The USDA’s Senseless Obstacles to a More Humane “Organic”

May 18, 2017

chicken in a pen

Every day, millions of Americans visit their grocery stores, relying on a range of food labels—some more meaningful than others—to help them make healthy, humane, and cost-efficient purchases. One of these labels is “USDA Organic,” a certification that presumably represents humane farm animal welfare standards. But sadly, that assumption is untrue and has been for years. What’s even more reprehensible is that the federal agency directly responsible for ensuring that farmed food products are truthfully labeled—the USDA—is now acting in direct opposition to that mission.  

The Origins of USDA “Organic”

The USDA began regulating organic agriculture in 2000 with the creation of the National Organic Program. For years, the ASPCA and other animal welfare organizations have pushed to include meaningful animal welfare standards in the definition of organic—including minimum indoor and outdoor space requirements for chickens, required enrichment for certain species and a prohibition on certain kinds of painful physical alterations like cattle tail docking.  

In January 2017, we celebrated when the USDA National Organic Program announced it would adopt a comprehensive set of federal regulations governing the treatment of animals on USDA Organic-certified farms, based on the recommendation of the National Organics Standards Board. This decision was influenced by tens of thousands of supportive comments from consumers, farmers, companies and public interest groups, all submitted during an official open comment period. The regulations were set to go into effect in March

Enter Politics

When the new Administration postponed implementation of the Organics rule to May, one could make the case this was the consequence of a government in transition, including the late appointment of Sonny Perdue as Secretary of Agriculture. Still, we feared more deliberate intentions were at play.

Those fears were realized when, last week, the USDA announced it is delaying implementation of the new standards another six months—to November 2017—claiming “significant policy and legal issues…that warrant further review.”  The announcement comes with a new public comment period to help the USDA decide which way to go among these declared next steps:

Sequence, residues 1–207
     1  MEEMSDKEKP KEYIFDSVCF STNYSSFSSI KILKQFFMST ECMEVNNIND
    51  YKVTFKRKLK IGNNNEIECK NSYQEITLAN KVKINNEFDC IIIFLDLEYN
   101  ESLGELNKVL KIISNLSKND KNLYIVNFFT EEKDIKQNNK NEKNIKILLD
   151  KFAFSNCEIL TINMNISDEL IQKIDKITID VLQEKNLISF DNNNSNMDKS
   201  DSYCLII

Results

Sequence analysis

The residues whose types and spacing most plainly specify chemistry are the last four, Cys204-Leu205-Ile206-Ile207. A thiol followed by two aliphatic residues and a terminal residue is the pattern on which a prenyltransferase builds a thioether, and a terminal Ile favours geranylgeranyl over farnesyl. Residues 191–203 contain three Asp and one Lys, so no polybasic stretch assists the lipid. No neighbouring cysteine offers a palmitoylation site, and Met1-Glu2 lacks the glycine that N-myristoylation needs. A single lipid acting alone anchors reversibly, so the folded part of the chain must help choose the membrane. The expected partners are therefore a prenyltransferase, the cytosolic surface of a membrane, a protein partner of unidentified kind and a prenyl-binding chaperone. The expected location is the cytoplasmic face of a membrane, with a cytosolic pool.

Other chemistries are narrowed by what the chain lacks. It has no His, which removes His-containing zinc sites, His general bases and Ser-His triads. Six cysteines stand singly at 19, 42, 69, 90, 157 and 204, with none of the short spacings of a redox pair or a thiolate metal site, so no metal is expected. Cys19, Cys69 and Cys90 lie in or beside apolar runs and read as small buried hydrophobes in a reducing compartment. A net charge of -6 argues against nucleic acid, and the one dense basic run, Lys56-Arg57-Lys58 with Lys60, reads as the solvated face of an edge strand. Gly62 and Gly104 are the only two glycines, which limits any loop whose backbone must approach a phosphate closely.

1. Let the rule take effect in November
  2. Suspend the rule indefinitely and decide at a later date whether to implement, modify or withdraw the rule
  3. Delay implementation of the rule to an even later date
  4. Withdraw the rule entirely

With three of those four choices leading to indefinitely or permanently halting implementation, it’s clear this USDA has little interest in preserving an improved quality of life for animals raised on organic farms. Instead, they seem more interested in satisfying the profit motives of major food companies and their supporters who want to maintain substandard treatment and still call it “organic.”

What makes this delay even more offensive is the fact that a majority of Americans are very concerned about the welfare of farm animals, consider farm animal welfare when buying organic products, and are willing to paying more for those products.  Just last April, a Consumer Reports survey revealed that 86 percent of consumers who often or always buy organic food consider it “highly important that animals used to produce these foods are raised on farms with high standards of animal welfare.”

What You Can Do

It’s frustrating to come so close to a modest elevation in animal protection, only to see it thwarted by corporate interests and a system that relies on animal cruelty. But as with all things political, it’s important to remember that public opinion still has the power to change outcomes, whether those outcomes serve vulnerable people or vulnerable animals.

So I encourage you to visit our Organic Rule alert and urge Sonny Perdue and the USDA to make good on its promises and responsibilities, starting with a very simple request: If you continue to label something “organic,” please mean it.